More of a great memory revisited than an insightful docu, HBO's "The Wild Ride to Super Bowl 1" surfs upcoming Big Game's hype wave as it replays the 1967 Packers-Chiefs title game through memories of several participants. Footage of gridiron warriors just doesn't have the social resonance this project covets from the first frame onward.

More of a great memory revisited than an insightful documentary, HBO’s “The Wild Ride to Super Bowl 1″ surfs the upcoming Big Game’s hype wave as it replays the 1967 Packers-Chiefs title game through the memories of several participants. Despite the determined efforts of producers who want to liken the inaugural battle to a shift in American sensibilities and a foreteller of more complex times, the footage of gridiron warriors like Max McGee, Fred Williamson, Len Dawson and Boyd Dowler — while a blast to watch — just doesn’t have the social resonance this project covets from the first frame onward.

“Ride” tries to place the competition within the framework of a society that is undergoing significant change. Indeed, there is film of Lyndon Johnson on the White House lawn; there is brief mention of the Vietnam War; and there’s even an interview with astronaut Wally Schirra, who recalls the mood of America at the time when three died in a grounded fire aboard Apollo 1.

But all of this culture association is a stretch, since the Super Bowl has never been a reflection of the times in the manner of say, music, fashion or film. The more fascinating element here was the AFL-NFL merger itself, which, while certainly featured as a backdrop here, could have been the subject of a more substantial documentary on its own.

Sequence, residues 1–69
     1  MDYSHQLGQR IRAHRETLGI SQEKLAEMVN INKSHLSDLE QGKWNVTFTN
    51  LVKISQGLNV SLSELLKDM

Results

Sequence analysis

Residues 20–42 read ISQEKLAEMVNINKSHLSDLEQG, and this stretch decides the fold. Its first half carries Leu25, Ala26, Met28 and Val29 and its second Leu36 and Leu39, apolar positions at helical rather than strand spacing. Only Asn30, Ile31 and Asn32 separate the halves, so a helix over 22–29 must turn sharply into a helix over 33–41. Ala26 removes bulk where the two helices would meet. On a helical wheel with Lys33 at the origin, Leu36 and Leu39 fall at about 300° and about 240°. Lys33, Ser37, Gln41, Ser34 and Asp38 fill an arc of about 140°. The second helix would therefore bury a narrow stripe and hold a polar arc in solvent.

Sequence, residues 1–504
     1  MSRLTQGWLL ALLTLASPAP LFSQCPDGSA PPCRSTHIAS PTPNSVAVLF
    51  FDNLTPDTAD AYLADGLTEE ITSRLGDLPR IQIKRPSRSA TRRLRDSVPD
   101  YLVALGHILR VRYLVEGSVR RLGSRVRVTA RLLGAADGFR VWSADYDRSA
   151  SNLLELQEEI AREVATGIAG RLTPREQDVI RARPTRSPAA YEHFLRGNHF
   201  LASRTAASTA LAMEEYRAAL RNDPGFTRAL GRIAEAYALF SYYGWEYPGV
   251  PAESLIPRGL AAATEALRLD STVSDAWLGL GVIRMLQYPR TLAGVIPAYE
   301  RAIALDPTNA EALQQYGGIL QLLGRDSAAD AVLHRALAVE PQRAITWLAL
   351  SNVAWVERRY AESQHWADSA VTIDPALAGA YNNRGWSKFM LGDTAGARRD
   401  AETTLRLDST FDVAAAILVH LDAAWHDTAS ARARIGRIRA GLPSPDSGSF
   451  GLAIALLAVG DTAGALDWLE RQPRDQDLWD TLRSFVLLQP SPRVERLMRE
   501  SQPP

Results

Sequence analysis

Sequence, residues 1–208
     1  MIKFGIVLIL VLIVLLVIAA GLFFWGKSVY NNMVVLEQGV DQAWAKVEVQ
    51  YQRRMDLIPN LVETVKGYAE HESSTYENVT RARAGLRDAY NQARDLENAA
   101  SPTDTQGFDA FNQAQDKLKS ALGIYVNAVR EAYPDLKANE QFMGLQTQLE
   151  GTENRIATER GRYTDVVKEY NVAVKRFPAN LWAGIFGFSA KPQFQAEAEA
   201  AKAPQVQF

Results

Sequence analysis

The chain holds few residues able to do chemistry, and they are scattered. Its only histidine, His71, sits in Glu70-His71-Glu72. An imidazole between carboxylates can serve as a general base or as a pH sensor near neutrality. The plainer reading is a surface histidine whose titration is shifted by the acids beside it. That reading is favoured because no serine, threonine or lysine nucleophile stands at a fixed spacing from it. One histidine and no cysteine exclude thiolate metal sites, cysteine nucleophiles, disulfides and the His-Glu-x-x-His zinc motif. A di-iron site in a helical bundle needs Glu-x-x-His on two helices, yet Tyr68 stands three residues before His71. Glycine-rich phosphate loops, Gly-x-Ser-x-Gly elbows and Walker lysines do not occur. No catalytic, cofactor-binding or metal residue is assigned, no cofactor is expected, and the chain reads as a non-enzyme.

The union forced a “stepchild” attitude that became the main reason Green Bay coach Vince Lombardi felt pressure to demolish Kansas City (The Pack won 35-10). At the time, the NFL, home to powers like the Chicago Bears and the New York Giants, felt embarrassed and peeved that commissioner Pete Rozelle had agreed to align with a weaker league with inferior teams and talent.

The Lombardi-K.C. coach Hank Stram showdown becomes the real focus of “Wild Ride,” as the two, Lombardi a cranky warrior and Stram a Napoleonic clown, sniped at each other and each other’s conferences through a group of journalists who collectively pale in comparison to today’s global coverage.

The actual game, named after a Super Ball toy, took place on Jan. 15, 1967, at the L.A. Coliseum. The differences between then and now are astounding: Tickets ranged from $6 to $12, two networks (CBS and NBC) carried the game, 30,000 seats went unfilled and Los Angeles was blacked out. Thirty-second ads cost a “mere” $42,000.

As with most sports docus — at which HBO is becoming the undisputed leader based on volume and chosen moments — the collection of participants for “The Wild Ride” is its greatest asset. Hearing Williamson talk about his “Hammer” sensibilities, watching a press conference with Rozelle and Lamar Hunt or listening to tales of night-before drunken partying from McGee are as vital to the doc’s attitude as the game’s original broadcast, minutes of which have been restored to almost pristine quality.

The Wild Ride to Super Bowl 1

HBO, Mon. Jan. 26, 10 p.m.

Production

Filmed in various locations by HBO and NFL Films. Executive producers, Ross Greenburg, Rick Bernstein, Steve Sabol; producer-directors, Ray Didinger, Jeff Hillegass, Steve Seidman.

Crew

60 MIN. Narrator: Liev Schreiber.
Follow @Variety on Twitter for breaking news, reviews and more